2. Policy on Grading

a. All work in this course is graded on the basis of answers only — any partial credit is at the discretion of the instructor.

b. All work requiring calculations shall be properly and completely documented for credit.

c. All grading shall be done by the instructor, or under his direction and supervision, and the decision of the instructor is final.

3. Policy on Re-grading

a. Only in very rare cases will exams be considered for re-grading — partial credit (if any) is not subject to appeal.

b. Work which, while possibly correct, but cannot be followed, will be considered incorrect.

c. Grades assigned to problems in the Homework Portfolio will not be considered for re-grading. (specific to PETE 648)

d. Grades assigned to the Reading Portfolio will not be considered for re-grading. (specific to PETE 648)

e. If re-grading is necessary, the student is to submit a letter to the instructor explaining the situation that requires consideration for re-grading, and the material to be regraded must be attached to this letter. The letter and attached material must be received within one week from the date returned by the instructor.

4. The grade for a late assignment is zero. Late or not, all assignments must be turned in.

5. Each student should review the University Regulations concerning attendance, grades, and scholastic dishonesty. In particular, anyone caught cheating on an examination or collaborating on an assignment where collaboration is not specifically authorized by the instructor will be removed from the class roster and given an F (failure grade) in the course.

Scholastic Dishonesty:

THE STUDENT IS HEREBY WARNED THAT ANY/ALL ACTS OF SCHOLASTIC DISHONESTY WILL RESULT IN AN "F" GRADE FOR ALL ASSIGNMENTS IN THIS COURSE. As a definition, "scholastic dishonesty" will include any or all of the following acts:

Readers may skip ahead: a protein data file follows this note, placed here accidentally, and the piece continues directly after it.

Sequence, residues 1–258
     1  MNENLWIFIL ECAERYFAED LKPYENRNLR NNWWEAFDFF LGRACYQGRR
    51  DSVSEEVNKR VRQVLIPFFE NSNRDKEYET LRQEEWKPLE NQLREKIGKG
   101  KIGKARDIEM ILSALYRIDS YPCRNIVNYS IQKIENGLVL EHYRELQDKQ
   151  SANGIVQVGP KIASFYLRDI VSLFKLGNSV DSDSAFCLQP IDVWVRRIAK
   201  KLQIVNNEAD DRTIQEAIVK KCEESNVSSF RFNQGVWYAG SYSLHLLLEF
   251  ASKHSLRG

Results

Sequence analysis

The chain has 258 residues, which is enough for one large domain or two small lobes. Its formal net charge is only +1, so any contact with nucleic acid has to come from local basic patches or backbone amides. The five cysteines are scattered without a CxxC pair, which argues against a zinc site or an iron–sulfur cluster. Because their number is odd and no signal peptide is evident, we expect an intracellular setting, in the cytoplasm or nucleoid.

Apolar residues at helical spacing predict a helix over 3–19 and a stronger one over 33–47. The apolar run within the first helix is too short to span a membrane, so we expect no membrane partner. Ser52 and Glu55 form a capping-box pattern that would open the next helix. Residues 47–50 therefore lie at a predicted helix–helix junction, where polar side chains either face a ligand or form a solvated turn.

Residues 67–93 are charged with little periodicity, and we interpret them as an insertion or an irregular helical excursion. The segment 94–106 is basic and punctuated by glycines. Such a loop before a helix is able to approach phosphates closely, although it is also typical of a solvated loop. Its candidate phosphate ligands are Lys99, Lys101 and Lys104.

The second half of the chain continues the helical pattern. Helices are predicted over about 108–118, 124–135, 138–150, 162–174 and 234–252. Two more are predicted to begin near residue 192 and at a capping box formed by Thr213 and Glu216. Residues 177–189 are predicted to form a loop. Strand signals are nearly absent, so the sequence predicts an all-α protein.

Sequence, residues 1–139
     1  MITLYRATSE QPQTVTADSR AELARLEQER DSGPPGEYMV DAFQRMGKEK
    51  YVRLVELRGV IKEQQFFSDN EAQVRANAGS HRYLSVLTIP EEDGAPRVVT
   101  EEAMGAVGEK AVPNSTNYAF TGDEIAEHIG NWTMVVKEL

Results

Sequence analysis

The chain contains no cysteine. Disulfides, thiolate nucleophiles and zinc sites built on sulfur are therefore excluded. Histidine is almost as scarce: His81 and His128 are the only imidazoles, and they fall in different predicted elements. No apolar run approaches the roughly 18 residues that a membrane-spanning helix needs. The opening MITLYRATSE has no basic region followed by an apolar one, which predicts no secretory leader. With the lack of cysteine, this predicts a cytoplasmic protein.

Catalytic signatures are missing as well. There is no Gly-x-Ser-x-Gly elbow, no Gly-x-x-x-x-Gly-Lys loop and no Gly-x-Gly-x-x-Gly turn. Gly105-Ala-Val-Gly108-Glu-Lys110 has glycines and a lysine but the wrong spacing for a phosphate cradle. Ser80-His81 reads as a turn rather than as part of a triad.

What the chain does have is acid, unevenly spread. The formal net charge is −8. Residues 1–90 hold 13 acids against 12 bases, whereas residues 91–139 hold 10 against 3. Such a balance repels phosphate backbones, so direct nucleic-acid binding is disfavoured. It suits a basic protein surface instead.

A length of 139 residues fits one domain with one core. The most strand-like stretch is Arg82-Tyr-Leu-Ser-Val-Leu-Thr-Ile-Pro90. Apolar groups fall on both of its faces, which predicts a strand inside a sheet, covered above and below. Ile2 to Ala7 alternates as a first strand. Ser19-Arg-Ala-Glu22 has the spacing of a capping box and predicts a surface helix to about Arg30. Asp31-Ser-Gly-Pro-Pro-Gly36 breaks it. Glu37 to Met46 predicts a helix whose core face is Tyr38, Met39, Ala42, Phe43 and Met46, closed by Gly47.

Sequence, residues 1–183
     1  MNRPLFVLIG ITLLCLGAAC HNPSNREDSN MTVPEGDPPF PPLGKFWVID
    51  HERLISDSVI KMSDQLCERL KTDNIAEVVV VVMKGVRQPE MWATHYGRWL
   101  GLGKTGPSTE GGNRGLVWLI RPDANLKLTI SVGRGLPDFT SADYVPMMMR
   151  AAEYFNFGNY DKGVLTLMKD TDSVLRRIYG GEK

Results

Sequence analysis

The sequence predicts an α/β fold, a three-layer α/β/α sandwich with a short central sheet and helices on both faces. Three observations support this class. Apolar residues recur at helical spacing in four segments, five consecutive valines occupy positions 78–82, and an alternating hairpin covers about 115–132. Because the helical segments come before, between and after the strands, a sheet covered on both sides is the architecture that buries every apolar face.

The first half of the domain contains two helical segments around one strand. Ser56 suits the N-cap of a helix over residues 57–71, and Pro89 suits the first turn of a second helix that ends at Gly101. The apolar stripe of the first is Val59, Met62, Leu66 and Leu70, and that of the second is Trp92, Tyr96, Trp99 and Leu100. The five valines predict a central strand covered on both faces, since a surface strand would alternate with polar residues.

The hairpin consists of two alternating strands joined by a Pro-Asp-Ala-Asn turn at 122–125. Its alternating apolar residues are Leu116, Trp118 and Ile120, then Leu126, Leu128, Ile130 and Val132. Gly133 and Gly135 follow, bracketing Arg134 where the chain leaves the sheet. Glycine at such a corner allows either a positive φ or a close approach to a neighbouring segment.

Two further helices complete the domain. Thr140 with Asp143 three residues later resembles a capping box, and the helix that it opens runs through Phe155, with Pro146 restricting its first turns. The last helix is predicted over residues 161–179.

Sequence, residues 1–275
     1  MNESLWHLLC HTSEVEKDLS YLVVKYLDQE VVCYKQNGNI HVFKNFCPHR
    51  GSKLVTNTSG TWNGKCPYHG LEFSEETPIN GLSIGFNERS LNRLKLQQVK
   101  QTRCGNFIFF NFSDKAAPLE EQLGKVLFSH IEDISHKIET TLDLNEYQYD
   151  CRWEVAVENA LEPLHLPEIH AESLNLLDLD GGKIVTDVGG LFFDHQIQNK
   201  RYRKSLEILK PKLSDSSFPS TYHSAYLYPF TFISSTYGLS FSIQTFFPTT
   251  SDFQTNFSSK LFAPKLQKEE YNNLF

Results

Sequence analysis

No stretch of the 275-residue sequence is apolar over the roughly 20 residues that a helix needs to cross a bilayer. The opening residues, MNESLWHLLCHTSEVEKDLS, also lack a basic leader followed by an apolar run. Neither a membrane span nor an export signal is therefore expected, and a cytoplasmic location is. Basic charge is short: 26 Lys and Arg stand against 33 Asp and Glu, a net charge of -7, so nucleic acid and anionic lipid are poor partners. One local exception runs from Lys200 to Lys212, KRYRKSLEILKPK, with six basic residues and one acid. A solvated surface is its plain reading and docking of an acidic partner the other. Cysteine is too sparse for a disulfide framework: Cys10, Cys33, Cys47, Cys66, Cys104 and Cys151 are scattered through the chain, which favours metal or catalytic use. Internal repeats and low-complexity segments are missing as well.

● Unauthorized collaborations — you are explicitly forbidden from working together on EXAMINATION(S).

● Using work of others — you are explicitly forbidden from using the work of others — "others" is defined as students in this course, as well as any other person. You are specifically required to perform your own work.

Note: Collaboration is permitted on the "homework portfolio." (specific to PETE 648)

Petroleum Engineering 648 — Pressure Transient Testing

Work Requirements, Work Standard, Student Obligation, E-mail Protocols, Computational Tools, and Course Description

Spring 2017

Work Requirements: (layout/format/etc.)

● You must show ALL work — as appropriate, YOU MUST:

Show all details in your calculations (no skipped steps) — all portions of all analysis relations must be shown.

— Show all units in each calculation.

● Work layout: (as appropriate for a given problem)

— NEATNESS: You will be graded on the neatness of your work.

— LABELS: All work, trends, and features on every plot MUST be appropriately labeled — no exceptions.